Biomass beats gas!

Mobility of the future

Drivers have bewailed the record highs in gas and diesel prices over the past year. However, the EU proj­ect To-Syn-Fuel could pave the way forward here, as researchers from the Fraunhofer Institute for Environ­mental, Safety and Energy Technology UMSICHT are developing a new method of producing fuel, which they have already implemented at a pilot scale. “We manufacture fuels from waste biomass such as sew­age sludge, which results in sustainable fuels without any conflict with food production or use of plants that should serve as foodstuffs or animal fodder. This fuel delivers a carbon footprint reduction of over 85 percent per kilometer driven when compared to fossil fuels,” says Dr. Robert Daschner, head of department at Fraunhofer UMSICHT.

The development is based on the well-established pyrolysis process, whereby biomass is heated to tem­peratures of up 600 degrees Celsius in the absence of oxygen until it is converted into oil. Dr. Daschner goes on to explain what makes the TCR® process developed by Fraunhofer UMSICHT so special: “We significantly improved the quality of the resulting oil, to the point that it’s comparable with crude oil. This oil can then be processed via conventional refinery methods to convert it into fuels that meet the most important standard requirements for gas and diesel — meaning that they can be used with­out any need for engine alterations or impact on performance.” The researchers achieved this quality hike by adding a second step to the procedure, so that the usual pyrolysis process is followed by a ther­mocatalytic reforming step. The team uses the car­bon material produced in the pyrolysis as a catalyst in order to purify the synthesis steam even more and extract high-quality oil from it.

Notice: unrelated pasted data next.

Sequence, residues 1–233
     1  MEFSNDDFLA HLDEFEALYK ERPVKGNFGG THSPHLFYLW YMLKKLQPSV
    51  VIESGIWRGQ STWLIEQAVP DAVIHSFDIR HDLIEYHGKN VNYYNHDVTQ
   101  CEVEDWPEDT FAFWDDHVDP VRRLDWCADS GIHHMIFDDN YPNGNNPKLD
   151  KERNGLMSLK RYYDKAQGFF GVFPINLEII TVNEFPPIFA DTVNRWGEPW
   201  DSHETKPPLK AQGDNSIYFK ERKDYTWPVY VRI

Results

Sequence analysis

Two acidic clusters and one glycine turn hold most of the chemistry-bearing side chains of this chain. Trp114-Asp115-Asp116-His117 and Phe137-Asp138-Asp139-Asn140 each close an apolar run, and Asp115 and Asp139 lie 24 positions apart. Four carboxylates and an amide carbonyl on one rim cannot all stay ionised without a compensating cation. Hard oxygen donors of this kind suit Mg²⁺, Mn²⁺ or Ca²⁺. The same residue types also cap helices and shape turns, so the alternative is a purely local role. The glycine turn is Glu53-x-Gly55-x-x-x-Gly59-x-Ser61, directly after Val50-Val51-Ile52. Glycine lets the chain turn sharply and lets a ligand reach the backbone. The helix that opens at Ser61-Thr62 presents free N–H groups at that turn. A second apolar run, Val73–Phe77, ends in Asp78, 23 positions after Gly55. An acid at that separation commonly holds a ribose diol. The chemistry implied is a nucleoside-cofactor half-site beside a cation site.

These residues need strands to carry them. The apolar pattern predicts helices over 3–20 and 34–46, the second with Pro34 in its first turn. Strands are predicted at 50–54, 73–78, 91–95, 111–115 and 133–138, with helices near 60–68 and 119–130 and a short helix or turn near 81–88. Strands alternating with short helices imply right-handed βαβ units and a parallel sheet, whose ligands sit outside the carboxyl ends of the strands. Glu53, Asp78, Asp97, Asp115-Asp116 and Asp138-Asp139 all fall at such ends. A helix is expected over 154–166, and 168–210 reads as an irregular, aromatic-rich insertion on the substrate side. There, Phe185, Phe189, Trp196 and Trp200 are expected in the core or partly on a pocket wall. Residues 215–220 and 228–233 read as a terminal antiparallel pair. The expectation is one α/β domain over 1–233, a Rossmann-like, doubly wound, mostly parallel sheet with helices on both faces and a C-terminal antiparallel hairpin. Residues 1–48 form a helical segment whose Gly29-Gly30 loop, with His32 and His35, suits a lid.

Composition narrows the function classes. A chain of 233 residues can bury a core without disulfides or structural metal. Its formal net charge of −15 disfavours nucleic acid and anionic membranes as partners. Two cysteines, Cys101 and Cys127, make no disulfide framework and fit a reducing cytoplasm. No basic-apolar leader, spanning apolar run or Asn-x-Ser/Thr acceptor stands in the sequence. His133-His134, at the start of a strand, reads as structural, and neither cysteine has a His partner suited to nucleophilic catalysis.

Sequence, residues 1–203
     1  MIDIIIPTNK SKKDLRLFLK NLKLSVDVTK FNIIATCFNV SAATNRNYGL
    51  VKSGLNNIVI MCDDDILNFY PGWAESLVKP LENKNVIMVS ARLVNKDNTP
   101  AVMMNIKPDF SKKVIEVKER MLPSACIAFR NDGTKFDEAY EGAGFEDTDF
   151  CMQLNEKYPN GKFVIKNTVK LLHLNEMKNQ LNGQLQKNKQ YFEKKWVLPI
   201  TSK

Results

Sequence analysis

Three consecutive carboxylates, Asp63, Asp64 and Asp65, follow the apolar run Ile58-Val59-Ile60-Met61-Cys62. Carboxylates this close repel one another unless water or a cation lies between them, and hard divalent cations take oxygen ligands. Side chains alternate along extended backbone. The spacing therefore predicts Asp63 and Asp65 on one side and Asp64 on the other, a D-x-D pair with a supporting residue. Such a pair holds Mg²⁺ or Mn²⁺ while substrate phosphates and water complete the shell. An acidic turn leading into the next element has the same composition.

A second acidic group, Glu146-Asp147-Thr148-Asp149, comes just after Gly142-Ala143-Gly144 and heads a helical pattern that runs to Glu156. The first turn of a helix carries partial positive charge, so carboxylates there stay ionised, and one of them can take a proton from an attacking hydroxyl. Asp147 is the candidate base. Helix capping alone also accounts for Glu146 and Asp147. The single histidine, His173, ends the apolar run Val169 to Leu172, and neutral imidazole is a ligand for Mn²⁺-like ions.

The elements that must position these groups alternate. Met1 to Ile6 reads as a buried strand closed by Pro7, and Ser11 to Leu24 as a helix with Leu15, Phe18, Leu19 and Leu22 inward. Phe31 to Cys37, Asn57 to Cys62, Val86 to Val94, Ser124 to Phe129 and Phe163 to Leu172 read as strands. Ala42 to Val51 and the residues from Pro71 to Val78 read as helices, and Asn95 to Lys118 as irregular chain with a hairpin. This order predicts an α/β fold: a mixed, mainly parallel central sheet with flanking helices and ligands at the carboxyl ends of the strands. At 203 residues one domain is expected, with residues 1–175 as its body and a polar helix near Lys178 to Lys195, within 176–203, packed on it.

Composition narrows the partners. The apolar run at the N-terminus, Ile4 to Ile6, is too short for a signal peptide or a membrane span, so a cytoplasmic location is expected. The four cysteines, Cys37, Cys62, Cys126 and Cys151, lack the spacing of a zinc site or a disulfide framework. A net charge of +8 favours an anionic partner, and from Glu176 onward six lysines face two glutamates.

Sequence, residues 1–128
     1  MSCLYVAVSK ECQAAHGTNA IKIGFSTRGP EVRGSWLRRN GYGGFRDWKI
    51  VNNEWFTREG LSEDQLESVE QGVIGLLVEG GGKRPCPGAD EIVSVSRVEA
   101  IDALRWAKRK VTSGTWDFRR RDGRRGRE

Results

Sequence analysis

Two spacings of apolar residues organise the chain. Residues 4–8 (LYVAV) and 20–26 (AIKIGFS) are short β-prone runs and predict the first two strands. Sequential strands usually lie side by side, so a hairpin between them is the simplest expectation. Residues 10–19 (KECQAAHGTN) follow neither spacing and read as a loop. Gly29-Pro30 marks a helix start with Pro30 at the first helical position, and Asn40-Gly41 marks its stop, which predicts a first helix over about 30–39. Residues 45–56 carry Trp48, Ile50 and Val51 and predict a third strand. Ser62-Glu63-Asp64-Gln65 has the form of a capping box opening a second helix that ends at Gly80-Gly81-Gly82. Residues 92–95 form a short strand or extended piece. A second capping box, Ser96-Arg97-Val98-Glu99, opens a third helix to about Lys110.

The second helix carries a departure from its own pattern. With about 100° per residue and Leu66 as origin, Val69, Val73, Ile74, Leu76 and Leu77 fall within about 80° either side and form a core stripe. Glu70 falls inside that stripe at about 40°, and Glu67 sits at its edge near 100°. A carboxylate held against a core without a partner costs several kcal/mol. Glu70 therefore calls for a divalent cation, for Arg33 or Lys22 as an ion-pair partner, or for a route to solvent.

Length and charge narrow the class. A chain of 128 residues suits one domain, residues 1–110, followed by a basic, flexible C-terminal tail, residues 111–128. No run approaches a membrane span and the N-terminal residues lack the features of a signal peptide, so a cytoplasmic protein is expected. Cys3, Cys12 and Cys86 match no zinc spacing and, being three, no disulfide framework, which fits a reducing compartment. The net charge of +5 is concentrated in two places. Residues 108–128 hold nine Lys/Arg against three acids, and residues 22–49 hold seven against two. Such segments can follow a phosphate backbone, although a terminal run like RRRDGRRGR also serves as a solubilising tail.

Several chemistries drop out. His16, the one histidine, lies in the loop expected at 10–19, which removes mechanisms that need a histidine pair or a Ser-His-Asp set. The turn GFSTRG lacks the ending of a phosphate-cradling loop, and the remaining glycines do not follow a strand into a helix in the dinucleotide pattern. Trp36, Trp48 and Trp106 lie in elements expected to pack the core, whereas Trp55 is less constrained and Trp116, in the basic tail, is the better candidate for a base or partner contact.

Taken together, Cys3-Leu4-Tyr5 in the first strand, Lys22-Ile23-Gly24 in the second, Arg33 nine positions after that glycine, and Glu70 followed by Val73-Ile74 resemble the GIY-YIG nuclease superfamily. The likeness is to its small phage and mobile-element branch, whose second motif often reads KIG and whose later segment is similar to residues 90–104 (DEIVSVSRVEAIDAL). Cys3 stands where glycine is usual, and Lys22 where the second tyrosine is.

The process is already running at a demonstration plant that has so far extracted more than 50,000 li­ters of biogenic crude oil from 500 tons of sewage sludge. In other words, the facility can convert 10 tons of biomass into 1 ton of crude oil every day. The demonstrator plant was also used to refine some of the crude oil to produce fuel, which then powered a test vehicle through a 2,000 kilometer round trip across Europe. A German refineryis al­ready planning to utilize sewage sludge on a large scale, with a bigger plant set to commence opera­tions in 2023 and commercial operations set to start between 2024 and 2025. The mobility transition is in full swing.

To-Syn-Fuel: FraunhofeConversion of sewage sludge into fuel and hydrogen

Dr. Robert Daschner
© Philipp Gülland
Driving without gas or diesel? Dr. Robert Daschner of Fraunhofer UMSICHT is getting there - with sewage sludge.